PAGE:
By the ’80s, the boot was having an equally profound impact off the pitch, too. Lothar Matthäus, the talismanic German midfielder with 150 caps to his name and whose father had worked at the nearby Puma factory when Lothar was a child, was initially hesitant to sign to Bayern Munich (whose technical supplier was Adidas) from Borussia Mönchengladbach if it meant he was no longer permitted to wear his beloved PUMA brand.
So, how is it that, in just a few decades, the PUMA King has gone from halting contract negotiations and housing the twinkle toes of some of the most technically gifted footballers the planet has ever seen, to become almost entirely synonymous with the inelegant centre-half?
And, if at one time good enough for World Cup winners and God-like figures, why have the likes of Cristiano Ronaldo and Lionel Messi then not opted to continue the PUMA King’s rich football heritage?
Both are complex questions, of course, with answers that cannot so readily be nailed down. Economics, politics, marketing and, of course, the corporate behemoths that have come to govern and define the modern game all now play a fundamental role in determining what a player decides to wear on his or her feet.
But where the likes of the Adidas Predator and the Nike Mercurial Vapor have flourished, the PUMA King has failed to follow suit. In December of 2019, a listicle published by popular online football publication SoccerBible ranked what were they believed to be the greatest 30 boots of the last decade. Naturally, subjectivity plays its part, but there was a notable omission: despite new models, the famed PUMA King failed to make the cut.
Similarly, a 2019 article in the Evening Standard headlined ‘Best football boots: Nike, Adidas and top UK brands for men’ mused at length over a number of boots by the titular big-hitters, and also those by Umbro and relative new boys on the soccer scene New Balance. Nowhere did it even mention PUMA.
Perhaps it comes down to an issue of quality, whereby PUMA Kings have simply failed to evolve as well as other brands. Or perhaps, with the rapid advances in technology, and the ever-expanding scope for meticulous designs and modern materials, it’s PUMA’s apparent reluctance to deviate too far from the classic King of yesteryear means that it simply isn’t that fashionable anymore.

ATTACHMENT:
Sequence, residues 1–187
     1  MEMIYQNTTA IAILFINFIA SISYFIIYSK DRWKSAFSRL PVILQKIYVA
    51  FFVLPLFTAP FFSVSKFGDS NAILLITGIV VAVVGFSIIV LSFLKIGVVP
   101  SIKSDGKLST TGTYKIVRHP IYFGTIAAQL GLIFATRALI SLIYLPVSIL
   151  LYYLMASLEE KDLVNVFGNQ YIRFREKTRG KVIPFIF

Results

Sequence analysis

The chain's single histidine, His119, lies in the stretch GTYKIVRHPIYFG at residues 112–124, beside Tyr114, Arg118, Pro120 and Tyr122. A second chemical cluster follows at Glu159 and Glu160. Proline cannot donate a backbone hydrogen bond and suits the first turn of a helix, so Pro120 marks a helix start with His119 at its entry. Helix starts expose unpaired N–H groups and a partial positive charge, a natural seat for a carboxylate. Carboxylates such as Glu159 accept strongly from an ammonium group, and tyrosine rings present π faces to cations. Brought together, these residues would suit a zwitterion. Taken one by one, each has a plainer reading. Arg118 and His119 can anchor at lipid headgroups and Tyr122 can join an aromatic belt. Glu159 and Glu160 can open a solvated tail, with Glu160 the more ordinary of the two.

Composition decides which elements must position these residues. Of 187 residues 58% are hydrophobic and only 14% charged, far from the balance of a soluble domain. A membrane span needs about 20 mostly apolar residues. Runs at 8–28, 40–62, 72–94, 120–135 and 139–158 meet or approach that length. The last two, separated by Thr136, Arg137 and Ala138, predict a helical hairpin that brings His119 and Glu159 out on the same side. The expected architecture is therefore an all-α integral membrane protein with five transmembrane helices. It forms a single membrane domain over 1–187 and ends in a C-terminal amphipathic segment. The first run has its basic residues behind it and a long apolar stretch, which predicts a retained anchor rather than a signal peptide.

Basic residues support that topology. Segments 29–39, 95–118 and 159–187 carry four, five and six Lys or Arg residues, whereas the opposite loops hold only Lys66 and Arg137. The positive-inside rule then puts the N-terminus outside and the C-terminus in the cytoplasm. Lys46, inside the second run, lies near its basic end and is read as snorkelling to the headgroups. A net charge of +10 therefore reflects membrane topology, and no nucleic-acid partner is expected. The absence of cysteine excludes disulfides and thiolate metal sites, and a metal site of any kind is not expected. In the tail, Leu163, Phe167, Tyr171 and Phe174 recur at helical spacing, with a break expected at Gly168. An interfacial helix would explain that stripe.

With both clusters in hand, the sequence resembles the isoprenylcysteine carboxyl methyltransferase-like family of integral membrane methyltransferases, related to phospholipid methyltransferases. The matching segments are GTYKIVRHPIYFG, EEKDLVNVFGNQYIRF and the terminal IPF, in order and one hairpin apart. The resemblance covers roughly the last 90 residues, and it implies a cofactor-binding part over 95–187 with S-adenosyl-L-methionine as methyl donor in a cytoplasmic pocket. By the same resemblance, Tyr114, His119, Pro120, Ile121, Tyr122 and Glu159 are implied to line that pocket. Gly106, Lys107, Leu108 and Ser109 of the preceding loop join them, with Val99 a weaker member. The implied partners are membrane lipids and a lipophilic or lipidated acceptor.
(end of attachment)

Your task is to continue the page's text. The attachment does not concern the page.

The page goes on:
Maybe its ostensible ‘if it ain’t broke, don’t fix it’ model has grown somewhat stale in a market much more crowded than it ever was in the 1970s and ’80s.
And perhaps it is this perception of the PUMA King, borne out of a seemingly romantic sense of nostalgia — during today’s era of constant change and ever-increasing flamboyance — that lends itself perfectly to being the natural accompaniment to the type of player it is now associated with. Loyal, dependable, unglamorous.
Who knows, maybe one day we will see the return of the King. Maybe it will make a resurgent comeback to its former kingdom to reclaim the footballing crown it once proudly wore.
For the time being though, it seems the mentality of a Big Dave, and not that of the flippant, tricky winger with the bi-monthly boot purchasing habits, or the skilful but petulant No. 10 with a disdain for tracking back but who may, or may not have had trials at West Ham, is a much more snug fit for the PUMA King.
Right now, that seems to be the status quo. But, of course, the future remains to be seen. And, after all, isn’t a cat supposed to have nine lives?